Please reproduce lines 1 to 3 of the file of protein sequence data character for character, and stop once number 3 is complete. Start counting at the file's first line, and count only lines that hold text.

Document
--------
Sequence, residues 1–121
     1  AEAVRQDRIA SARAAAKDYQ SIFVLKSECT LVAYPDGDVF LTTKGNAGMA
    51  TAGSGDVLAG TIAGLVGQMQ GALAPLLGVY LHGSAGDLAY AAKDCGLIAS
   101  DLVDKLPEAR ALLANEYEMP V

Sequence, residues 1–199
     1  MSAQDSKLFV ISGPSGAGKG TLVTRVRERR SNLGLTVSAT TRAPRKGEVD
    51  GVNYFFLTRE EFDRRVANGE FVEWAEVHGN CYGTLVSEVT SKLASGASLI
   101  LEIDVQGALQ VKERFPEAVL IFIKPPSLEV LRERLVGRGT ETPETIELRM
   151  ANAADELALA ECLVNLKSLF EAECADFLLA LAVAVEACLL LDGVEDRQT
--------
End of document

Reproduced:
Sequence, residues 1–121
     1  AEAVRQDRIA SARAAAKDYQ SIFVLKSECT LVAYPDGDVF LTTKGNAGMA
    51  TAGSGDVLAG TIAGLVGQMQ GALAPLLGVY LHGSAGDLAY AAKDCGLIAS